The Government of Canada recently announced an investment of over $1.7 billion in support for 7,700 researchers and research projects at post-secondary institutions and research hospitals across the country.

This investment includes funding for UBC researchers through the Canada Research Chairs programCFI’s Innovation FundNSERC Alliance Grants; and SSHRC Insight Development Grants as well as graduate student and postdoctoral scholarships and fellowships, and support through the Research Support Fund.

Congratulations to all of the DMCBH researchers and trainees who were awarded funding.

Canada Research Chair

Kamyar Keramatian: Tier 2 Canada Research Chair in Early Intervention in Psychosis/Bipolar Disorder

Dr. Kamyar Keramatian is an adolescent and adult psychiatrist and an assistant professor in the Department of Psychiatry. He currently serves as the co-medical manager of the UBC Mood Disorders Centre and the physician lead for the Coastal Early Psychosis Intervention (EPI) Program.

His research aims to investigate neuroimaging and neurocognitive measures that hold promise in predicting clinical outcomes and response to various interventions in patients in the early stages of bipolar disorder and at-risk individuals.


CFI Innovation Fund

UBC Lead: Janice Eng

The rehabilitation team led by Dr. Janice Eng was successful in receiving over $5 million in funding including over $2.1 million from the CFI Innovation Fund for their SMART Labs, with the remainder of funding from the provincial BCKDF fund and matching contributions.  Several other DMCBH members are part of this application, including Drs. Lara Boyd, Teresa Liu-Ambrose and Noah Silverberg. These lab facilities will be located at the GF Strong Rehab Centre which is the provincial rehabilitation centre.

Several pieces of equipment are designed for research for people with neurological health conditions, including a driver simulator, virtual reality equipment, body-weight supported harness that facilitates walking in any direction, autonomic function equipment, and neuromodulation equipment. The team will address three grand challenges to: 1) develop innovative treatments, such as brain and spinal cord stimulation treatments, to maximize recovery; 2) create simulated real-world activities using technology (e.g., virtual reality, driver simulation) that ensure treatment benefits are transferred to everyday life; and 3) transform the delivery of rehabilitation through innovative programs to increase access, especially in rural regions (e.g., e-health coupled with sensors to monitor health).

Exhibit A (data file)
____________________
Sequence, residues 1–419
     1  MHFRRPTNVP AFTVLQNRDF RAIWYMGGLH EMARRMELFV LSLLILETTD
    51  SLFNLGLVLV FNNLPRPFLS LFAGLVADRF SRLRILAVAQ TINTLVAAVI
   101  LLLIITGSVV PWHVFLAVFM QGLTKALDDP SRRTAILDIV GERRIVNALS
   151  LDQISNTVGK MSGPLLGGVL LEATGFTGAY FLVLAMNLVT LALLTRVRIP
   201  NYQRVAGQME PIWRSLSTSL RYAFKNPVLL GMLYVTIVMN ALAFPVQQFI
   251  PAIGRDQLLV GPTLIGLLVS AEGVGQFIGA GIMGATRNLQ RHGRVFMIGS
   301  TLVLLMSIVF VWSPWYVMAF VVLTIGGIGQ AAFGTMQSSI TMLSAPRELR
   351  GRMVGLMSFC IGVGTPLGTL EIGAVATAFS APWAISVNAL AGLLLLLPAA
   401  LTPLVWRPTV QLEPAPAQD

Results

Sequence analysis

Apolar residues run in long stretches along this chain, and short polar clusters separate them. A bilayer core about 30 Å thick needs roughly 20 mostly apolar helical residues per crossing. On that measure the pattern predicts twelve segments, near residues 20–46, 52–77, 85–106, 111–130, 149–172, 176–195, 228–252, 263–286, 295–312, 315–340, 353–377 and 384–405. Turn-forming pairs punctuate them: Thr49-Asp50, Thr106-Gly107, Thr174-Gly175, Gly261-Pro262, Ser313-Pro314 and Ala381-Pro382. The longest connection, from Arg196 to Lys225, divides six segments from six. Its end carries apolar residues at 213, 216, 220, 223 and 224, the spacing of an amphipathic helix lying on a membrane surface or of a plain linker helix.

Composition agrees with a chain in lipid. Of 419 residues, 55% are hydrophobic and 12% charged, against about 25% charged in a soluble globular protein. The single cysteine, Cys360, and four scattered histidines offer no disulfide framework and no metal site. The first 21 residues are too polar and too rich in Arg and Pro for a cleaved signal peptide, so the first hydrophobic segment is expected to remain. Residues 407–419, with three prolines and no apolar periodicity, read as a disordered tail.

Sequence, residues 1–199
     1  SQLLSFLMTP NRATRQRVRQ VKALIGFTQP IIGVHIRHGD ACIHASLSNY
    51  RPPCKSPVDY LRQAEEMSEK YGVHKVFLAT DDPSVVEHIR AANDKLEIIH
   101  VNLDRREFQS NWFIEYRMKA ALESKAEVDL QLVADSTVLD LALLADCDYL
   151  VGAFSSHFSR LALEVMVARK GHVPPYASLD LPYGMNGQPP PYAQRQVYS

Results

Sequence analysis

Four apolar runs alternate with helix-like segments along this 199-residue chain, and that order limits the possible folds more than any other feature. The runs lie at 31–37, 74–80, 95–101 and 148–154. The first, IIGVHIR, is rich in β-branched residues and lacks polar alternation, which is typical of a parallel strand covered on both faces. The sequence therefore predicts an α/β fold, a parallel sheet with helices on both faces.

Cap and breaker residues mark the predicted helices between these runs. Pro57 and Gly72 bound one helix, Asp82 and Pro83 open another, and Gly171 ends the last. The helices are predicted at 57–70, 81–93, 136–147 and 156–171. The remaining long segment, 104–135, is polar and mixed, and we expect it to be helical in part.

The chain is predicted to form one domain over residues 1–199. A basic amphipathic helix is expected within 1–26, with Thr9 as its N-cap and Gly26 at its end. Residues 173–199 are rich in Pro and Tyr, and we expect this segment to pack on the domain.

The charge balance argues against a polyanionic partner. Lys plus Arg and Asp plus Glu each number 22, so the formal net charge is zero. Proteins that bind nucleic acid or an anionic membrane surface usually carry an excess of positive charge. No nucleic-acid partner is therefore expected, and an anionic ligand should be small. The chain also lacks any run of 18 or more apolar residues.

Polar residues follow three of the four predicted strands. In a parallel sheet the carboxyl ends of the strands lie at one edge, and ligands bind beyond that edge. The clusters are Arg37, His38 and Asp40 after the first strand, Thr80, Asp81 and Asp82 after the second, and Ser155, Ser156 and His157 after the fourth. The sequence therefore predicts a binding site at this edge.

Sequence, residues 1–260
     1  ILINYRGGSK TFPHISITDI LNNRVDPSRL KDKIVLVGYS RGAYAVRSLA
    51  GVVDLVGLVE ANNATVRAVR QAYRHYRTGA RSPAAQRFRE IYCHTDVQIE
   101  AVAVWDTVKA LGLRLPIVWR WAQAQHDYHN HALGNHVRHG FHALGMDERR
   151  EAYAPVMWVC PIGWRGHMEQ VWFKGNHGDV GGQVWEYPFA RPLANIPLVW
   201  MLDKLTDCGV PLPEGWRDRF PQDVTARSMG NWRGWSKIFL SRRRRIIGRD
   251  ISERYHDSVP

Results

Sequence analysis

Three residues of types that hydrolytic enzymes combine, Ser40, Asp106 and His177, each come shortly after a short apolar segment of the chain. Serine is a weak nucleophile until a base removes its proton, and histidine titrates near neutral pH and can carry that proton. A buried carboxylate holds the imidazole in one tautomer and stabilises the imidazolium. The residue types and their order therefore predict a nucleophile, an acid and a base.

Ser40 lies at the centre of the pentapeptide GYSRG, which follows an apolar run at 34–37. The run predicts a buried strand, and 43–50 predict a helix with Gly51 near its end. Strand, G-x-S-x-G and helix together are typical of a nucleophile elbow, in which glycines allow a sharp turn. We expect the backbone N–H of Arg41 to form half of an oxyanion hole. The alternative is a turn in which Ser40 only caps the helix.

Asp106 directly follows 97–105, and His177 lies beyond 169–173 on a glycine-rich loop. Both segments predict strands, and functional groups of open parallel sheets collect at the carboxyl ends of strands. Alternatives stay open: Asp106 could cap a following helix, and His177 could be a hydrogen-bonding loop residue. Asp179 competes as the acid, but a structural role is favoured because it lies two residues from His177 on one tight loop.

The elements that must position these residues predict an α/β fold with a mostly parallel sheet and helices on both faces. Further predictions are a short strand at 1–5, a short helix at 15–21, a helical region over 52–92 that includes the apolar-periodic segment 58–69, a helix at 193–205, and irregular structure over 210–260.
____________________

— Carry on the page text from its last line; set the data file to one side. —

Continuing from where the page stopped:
Field Camera and Shim System for Precision MRI
UBC Lead: Alexander Rauscher
UBC Co-lead: Piotr Kozlowski

The CFI funded 3T research magnetic resonance imaging (MRI) scanner at the UBC MRI Research Centre is used for MRI methods development, the investigation of the biophysical basis of the MRI signal, neurology (concussion, multiple sclerosis, dementia, etc), and neuroscience. These research activities use advanced MRI scans for functional MRI and quantitative MRI. MRI data are acquired and reconstructed under the assumption that of a defined and known sampling scheme of the data. However, deviations in the magnetic field distort the sampling scheme in an unknown way, resulting reconstructed images that are degraded by geometric distortions and reduced signal to noise ratio.

This new funding from the CFI Innovation Fund will help improve the quality and precision of MRIs. The field distortions can be reduced by localized shim coils that compensate unwanted background field. In addition, a field camera can measure the field deviations and feed the information into the reconstruction algorithm. This allows the reconstruction based on the actual sampling scheme rather than the nominal sampling scheme that is affected by field distortions. The such corrected images have much better quality and higher signal to noise ratio. The devices will support numerous research initiatives in the field of neuroimaging with MRI. Examples include precise localization of deep brain structures for neurosurgery, reduced artifacts in patient populations such as people with Parkinson disease, dementia, neurotrauma, stroke, and improved functional MRI of small brain structures.


NSERC Alliance Grants

A novel approach to study occupant kinematics, muscle activity and cervical spine posture in vehicle rollovers
UBC PI:  Peter Cripton

A unified approach to analyze the time-frequency representation of nociceptive-related potentials
UBC PI:  John Kramer


SSHRC Insight Development Grants

Generating and testing hypotheses about participatory sensemaking
UBC PI: Rebecca Todd


Canada Graduate Scholarships – Doctoral (CGS-D)

  • Aysha Allard Brown
  • Rocio Hollman


NSERC Postgraduate Scholarships (NSERC PGSD)

  • Chloe Chernoff
  • Shalini Iyer